How to Clean Up a Sewage Spill

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Sewage spills can bring illness to adults, children, and even animals that come into contact with it. It is important to clean and disinfect the affected area as soon as possible to prevent bacteria and harmful viruses from spreading to people or pets. Tetanus, leptospirosis, hepatitis A, Gram-negative bacteria, cryptosporidium and giardia are some of the health problems that can result from exposure to sewage. Everyone involved in the cleanup must take safety precautions to reduce the chance of becoming ill from one or more of these health conditions.

Wear goggles, rubber gloves, rubber boots and a dust mask. These items will prevent you from coming into direct contact with the sewage. Remove all furniture, rugs and everything else that can be moved from the area.

Dispose of any carpets, rugs, carpet padding or other saturated items that cannot be completely cleaned and disinfected. Throw rugs with little spillage may be able to be washed and disinfected. For items that you are unsure about, throw them out instead of risking further contamination.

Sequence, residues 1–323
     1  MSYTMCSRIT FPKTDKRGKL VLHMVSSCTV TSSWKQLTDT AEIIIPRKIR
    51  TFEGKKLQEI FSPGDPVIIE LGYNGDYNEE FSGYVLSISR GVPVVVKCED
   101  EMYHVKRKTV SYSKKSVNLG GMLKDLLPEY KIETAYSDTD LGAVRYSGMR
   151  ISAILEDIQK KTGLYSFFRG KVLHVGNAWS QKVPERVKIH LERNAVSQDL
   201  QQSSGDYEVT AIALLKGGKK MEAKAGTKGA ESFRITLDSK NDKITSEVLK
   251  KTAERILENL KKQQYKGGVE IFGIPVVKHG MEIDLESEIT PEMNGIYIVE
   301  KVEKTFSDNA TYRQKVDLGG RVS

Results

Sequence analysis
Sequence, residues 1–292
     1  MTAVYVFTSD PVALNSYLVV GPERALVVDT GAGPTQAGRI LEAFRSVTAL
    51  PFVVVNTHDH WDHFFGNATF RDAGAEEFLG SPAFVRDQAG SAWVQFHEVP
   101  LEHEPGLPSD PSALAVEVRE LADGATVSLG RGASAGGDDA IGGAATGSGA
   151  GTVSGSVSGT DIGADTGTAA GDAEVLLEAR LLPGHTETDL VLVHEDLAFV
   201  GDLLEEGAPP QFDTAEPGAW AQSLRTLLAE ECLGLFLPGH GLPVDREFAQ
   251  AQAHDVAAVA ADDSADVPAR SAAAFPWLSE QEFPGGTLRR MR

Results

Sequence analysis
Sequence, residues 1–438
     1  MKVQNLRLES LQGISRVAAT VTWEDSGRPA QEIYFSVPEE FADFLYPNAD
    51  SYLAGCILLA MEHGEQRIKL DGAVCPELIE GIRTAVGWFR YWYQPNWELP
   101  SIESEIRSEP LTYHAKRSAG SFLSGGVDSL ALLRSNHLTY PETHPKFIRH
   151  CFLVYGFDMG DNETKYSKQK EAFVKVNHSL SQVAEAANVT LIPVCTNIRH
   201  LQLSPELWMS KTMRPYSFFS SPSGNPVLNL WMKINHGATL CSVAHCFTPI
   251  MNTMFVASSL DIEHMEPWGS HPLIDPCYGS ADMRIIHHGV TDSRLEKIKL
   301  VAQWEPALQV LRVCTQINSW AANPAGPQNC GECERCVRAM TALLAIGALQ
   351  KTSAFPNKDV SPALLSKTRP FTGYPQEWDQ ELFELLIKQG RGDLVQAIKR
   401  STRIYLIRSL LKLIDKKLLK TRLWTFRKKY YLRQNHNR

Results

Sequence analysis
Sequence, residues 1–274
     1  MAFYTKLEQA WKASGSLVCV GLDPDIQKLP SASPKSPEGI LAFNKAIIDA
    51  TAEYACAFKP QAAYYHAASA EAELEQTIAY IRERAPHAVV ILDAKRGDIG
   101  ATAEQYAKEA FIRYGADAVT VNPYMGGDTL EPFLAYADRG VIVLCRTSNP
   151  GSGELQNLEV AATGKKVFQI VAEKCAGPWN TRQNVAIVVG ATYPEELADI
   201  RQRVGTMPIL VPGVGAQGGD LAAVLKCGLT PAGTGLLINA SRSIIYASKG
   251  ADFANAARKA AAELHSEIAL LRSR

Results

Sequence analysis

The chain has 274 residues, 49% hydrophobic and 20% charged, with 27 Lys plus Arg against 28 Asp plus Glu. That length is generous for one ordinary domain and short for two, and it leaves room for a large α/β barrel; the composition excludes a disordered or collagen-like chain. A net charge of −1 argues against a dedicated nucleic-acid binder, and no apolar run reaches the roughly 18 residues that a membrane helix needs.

Remove piles of solid waste with a shovel and plastic bag. Double bag the sewage and dispose into a trash container.

Clean hard surfaces such as concrete, metal, linoleum and hardwood floors using mild detergent and hot water. Rinse with one gallon of water mixed with one tablespoon of bleach. Allow the area to air dry.

Remove and then replace drywall and plasterboard saturated by the sewage. For plasterboard or drywall that was only slightly hit with sewage, clean and disinfect as you did for the hard-floor surfaces.

Clean all furniture, appliances, sinks, showers, tubs and toilets with detergent. Rinse with one tablespoon of bleach to one gallon of water.

Throw away or disinfect all brooms, mops and brushes that were used for the sewage cleanup. Open all doors and windows to bring in fresh air. You can use heaters and fans to help air the area out.

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